Experts have yet to determine what triggers cluster headaches. But the dysfunction of the hypothalamus is a possible reason behind these headaches. Normally, this part of the brain helps your body produce hormones and stimulates many essential processes.
The Front of the Head & Face
Pain in the front of the face or head can be linked to different causes. For instance, you may experience a headache behind your eyes and nasal passages if you have allergies.
In some cases, pain in front of your head and face could mean a sinus headache. This secondary headache can occur in the forehead, cheeks, nasal cavity, or all of these areas. But it’s possible that a sinus headache may be a migraine triggering the pain in the sinuses.
Additionally, pain in your forehead, cheeks, or behind both eyes can indicate a cluster headache.
The Back of the Head
Arthritis of the neck may trigger pain in the back of your head. However, this pain may also be caused by poor posture or specific neck conditions like a herniated disc.
A low-pressure headache called spontaneous intracranial hypotension (SIH) might also be behind a headache in the back of the head. This condition may come on due to low spinal fluid pressure in the brain.
SIH triggers pain that subsides as you lie down but worsens with movements like:
- Sitting upright
- Coughing or sneezing
- Performing physical activities
Occipital neuralgia may also be at the root of the pain in the back of the head. It occurs when the occipital nerves that run along the top of your spinal cord and scalp become inflamed or injured. In turn, it may trigger pain in the base of your skull or the back of your head.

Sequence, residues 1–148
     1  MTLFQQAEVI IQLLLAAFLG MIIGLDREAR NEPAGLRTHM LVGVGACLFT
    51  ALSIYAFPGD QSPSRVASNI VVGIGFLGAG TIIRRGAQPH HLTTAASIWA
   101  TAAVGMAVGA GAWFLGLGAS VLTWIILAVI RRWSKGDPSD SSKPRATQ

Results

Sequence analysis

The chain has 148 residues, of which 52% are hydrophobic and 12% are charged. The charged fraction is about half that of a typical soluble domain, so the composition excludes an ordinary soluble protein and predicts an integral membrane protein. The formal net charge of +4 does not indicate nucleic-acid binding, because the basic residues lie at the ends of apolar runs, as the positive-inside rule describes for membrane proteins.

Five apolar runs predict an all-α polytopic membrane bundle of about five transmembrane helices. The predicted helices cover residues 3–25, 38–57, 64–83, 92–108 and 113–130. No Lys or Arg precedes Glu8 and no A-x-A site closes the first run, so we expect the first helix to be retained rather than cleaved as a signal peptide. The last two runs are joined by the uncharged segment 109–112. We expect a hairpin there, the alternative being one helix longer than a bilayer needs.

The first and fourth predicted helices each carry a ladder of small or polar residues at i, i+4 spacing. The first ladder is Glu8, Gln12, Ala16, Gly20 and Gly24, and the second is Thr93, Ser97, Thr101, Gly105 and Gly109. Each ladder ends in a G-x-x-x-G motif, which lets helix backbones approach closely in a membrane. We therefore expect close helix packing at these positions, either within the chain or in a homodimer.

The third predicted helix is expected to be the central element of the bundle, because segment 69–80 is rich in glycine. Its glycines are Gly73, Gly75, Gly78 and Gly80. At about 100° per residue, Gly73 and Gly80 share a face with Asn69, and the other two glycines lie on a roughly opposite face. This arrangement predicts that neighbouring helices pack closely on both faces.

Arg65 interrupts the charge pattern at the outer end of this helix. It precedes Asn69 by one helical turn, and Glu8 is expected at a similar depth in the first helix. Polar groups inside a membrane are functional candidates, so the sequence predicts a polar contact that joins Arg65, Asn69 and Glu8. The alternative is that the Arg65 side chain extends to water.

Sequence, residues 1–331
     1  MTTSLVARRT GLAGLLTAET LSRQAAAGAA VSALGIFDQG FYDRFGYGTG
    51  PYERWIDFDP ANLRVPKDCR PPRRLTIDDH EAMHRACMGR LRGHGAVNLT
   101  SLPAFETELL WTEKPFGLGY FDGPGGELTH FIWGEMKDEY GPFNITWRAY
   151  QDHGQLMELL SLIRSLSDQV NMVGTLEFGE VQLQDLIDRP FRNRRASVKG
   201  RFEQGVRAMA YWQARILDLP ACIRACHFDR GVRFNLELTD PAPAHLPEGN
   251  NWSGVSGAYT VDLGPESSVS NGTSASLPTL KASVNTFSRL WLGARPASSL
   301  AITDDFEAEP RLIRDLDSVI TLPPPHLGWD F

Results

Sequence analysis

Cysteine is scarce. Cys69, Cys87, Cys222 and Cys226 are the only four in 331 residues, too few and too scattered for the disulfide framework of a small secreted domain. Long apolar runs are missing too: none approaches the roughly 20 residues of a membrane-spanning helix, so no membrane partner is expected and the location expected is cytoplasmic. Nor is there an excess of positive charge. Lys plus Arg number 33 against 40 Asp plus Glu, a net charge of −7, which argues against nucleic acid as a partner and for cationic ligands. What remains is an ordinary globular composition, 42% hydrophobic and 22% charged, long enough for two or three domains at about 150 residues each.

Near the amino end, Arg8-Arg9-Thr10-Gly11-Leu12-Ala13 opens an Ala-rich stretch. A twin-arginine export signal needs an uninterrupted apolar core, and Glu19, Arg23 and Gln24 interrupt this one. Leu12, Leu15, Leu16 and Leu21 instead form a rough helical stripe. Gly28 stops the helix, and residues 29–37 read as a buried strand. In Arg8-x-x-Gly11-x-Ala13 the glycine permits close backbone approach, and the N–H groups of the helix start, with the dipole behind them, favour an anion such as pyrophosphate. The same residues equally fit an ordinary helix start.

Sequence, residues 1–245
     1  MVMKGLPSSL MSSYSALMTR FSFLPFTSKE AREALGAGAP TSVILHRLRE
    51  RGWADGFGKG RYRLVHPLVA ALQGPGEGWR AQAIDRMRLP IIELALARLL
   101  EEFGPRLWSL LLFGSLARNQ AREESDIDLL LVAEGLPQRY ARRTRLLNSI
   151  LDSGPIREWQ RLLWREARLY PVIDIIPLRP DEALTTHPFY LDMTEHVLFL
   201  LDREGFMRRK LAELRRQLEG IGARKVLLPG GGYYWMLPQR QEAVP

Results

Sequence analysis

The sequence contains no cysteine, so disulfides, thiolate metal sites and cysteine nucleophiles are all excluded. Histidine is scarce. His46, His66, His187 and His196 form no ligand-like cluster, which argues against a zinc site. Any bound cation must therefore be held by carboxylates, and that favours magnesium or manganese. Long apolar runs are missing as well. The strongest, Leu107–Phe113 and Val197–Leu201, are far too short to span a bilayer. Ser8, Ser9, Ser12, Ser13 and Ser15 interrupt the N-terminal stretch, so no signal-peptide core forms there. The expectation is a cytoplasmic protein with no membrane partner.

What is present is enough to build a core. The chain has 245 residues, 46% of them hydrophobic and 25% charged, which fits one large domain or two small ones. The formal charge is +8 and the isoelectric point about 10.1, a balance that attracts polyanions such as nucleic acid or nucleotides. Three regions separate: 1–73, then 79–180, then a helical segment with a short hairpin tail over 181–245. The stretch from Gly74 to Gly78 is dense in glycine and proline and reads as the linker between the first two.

Can a Chiropractor Help with Headaches?
A chiropractor can help you manage headaches through non-invasive treatments, including:
This procedure is one way chiropractors ease a headache. In this case, your chiropractic specialist will adjust your neck. A back adjustment may also be in order if they identify possible back problems during your physical exam.
Before starting any treatment, your doctor will examine the affected areas to identify misaligned joints. These joints put pressure on your nerves, which may trigger a headache. A spinal adjustment helps relieve pain, stress, and tension.
Chiropractors may recommend lifestyle changes to help with your headaches. They’ll ask you about specific triggers or the factors behind your headache, such as stress, poor posture, certain foods, and environmental factors.
After determining the root cause of your headache, your chiropractor will give you specific adjustments to make, like corrective exercises. They may also be as simple as consuming a healthier diet, reducing stress, or getting adequate sleep.
Manage a Mild or Intense Headache Naturally
Headaches have various reasons behind them. Determining where the pain comes from can help you get the root cause of your pain and properly address it.
Chiropractic care is a good treatment option if you’re seeking relief from a headache. It involves non-invasive methods for managing headaches. These natural approaches can help you address your pain and prevent reoccurence.
For more expert tips on pain management, visit the LifeClinic blog today.